When football restarted in June after the lockdown, a drinks break in both halves was introduced.
The thinking behind it was that players hadn’t had a long build-up to the resumption in terms of training.
Also, the weather was likely to be warmer with playing in June and July.
While the players came to the sidelines for a drink, there was also the opportunity to spray the goalposts with disinfectant in line with safety protocol.
However, the drinks breaks became something of a frustration to managers, players and fans.
They often slowed the momentum of a game or altered the flow of one.
A team could have built a head of steam and be bossing a game, only for the drinks break to stop that in its tracks.
The opportunity for a slurp of water also became a chance for a manager to change tactics and rely those changes to his players – Brentford head coach Thomas Frank even got a tactics board out during some of the breaks.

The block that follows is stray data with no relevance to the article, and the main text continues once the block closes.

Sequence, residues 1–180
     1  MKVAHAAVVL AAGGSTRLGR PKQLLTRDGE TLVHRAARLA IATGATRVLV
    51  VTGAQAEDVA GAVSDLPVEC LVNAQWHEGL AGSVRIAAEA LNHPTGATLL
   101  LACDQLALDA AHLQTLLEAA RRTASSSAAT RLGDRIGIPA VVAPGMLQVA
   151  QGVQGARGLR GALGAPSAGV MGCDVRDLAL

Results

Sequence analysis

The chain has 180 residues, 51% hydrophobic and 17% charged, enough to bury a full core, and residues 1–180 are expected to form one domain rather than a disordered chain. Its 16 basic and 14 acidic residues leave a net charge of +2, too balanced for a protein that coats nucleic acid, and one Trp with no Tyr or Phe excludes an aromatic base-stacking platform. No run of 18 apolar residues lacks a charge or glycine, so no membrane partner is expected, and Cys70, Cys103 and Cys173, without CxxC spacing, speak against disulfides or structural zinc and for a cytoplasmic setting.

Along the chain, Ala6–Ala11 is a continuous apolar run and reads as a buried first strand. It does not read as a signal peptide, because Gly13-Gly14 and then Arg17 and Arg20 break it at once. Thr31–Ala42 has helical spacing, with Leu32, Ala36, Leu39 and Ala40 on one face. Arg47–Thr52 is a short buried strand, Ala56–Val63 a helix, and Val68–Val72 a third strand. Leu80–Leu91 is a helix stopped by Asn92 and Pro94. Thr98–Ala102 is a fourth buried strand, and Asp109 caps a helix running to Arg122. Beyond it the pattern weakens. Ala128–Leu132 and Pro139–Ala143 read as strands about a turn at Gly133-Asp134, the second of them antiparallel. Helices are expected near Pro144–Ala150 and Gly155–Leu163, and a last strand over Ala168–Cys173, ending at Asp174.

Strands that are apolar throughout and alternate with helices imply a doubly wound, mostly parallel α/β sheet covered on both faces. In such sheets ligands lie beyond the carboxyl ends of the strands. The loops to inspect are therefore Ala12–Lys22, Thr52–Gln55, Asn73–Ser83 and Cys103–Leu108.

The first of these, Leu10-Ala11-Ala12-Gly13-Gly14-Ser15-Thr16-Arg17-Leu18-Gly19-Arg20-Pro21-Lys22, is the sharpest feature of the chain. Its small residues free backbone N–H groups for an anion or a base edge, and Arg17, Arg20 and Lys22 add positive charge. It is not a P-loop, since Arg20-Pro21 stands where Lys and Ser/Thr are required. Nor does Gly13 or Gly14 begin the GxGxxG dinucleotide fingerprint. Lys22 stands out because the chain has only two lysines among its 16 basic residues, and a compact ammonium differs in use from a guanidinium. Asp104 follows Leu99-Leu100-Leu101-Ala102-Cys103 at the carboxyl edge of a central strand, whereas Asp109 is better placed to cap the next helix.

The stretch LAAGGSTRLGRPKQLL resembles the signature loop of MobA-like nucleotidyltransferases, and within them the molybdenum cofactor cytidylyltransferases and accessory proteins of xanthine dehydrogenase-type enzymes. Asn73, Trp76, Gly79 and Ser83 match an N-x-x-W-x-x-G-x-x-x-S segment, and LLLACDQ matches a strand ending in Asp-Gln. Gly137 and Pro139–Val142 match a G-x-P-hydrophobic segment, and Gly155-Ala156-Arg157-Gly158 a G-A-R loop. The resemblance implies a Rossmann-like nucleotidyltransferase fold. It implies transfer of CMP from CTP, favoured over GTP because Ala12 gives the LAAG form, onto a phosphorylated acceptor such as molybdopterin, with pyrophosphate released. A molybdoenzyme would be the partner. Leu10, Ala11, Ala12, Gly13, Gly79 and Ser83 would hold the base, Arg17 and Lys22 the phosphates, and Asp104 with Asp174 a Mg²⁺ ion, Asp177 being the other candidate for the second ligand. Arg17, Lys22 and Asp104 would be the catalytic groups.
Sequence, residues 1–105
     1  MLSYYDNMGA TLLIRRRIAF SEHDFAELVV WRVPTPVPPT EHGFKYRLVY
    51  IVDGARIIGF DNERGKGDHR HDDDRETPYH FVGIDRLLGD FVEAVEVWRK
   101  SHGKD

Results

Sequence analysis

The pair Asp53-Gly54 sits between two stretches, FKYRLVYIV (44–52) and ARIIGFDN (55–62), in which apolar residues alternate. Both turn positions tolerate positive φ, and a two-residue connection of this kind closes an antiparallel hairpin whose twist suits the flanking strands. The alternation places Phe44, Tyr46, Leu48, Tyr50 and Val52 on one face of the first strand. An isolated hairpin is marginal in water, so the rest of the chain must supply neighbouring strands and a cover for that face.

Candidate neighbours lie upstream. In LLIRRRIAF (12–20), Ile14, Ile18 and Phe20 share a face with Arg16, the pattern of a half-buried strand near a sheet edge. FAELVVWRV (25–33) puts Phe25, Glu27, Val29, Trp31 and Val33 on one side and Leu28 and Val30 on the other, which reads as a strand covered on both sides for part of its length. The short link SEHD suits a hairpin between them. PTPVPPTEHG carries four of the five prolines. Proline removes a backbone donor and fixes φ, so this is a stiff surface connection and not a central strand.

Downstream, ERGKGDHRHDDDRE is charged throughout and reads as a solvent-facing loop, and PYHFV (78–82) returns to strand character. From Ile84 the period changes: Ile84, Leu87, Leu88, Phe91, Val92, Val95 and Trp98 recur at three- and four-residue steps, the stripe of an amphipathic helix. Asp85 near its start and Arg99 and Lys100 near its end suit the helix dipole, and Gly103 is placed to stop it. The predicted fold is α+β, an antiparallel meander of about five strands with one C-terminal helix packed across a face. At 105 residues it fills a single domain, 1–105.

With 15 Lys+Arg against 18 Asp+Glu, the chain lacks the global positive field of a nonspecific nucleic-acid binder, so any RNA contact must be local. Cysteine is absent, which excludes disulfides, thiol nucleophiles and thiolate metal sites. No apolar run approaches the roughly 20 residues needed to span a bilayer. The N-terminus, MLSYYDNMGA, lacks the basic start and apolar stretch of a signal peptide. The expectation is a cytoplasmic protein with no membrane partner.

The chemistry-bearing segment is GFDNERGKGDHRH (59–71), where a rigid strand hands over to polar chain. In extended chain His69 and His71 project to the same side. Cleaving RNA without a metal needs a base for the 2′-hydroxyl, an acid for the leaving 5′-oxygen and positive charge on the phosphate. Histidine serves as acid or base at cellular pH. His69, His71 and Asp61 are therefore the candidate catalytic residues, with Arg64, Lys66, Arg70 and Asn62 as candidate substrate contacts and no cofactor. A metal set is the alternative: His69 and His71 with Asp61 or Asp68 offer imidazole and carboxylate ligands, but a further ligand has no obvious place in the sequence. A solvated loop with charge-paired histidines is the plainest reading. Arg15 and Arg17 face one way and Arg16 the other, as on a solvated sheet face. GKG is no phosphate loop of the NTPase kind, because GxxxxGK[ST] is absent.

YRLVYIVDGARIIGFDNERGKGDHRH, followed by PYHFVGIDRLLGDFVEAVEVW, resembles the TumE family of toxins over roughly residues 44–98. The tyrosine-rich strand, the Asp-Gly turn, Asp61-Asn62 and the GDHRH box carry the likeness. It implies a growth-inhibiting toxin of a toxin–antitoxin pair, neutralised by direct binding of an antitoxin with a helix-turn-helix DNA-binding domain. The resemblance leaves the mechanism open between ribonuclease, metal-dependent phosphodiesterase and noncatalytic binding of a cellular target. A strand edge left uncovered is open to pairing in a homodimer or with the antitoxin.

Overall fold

It is understood that clubs in the EFL have expressed a desire to do away with the drinks break.
The EFL have their AGM next week and changes to rules such as this one, are expected to be voted on then.
Going back to June, the first weekend of the restart was accompanied by hot weather and the drinks break was a welcome one.
But from then on, the conditions weren’t exactly crying out for water breaks.
Preston manager Alex Neil noted that his side’s 3-1 defeat to Cardiff had been played in a ‘tsunami’, downpours happening during the game.
In early July, Neil questioned the need for the break in either half.
Neil said: “The water breaks are affecting the momentum of lot of games I have watched.
“I don’t think they are necessary in every game.
“If it is hot, yes by all means have the breaks but at the moment the weather is fluctuating.
“If a team is on top in a game the last thing they want is a break for the other team to regroup and fix what has been going wrong.
“We are playing four quarters because the water breaks don’t just last 10 seconds. Everyone gets their players in and have a little talk before sending them back out.”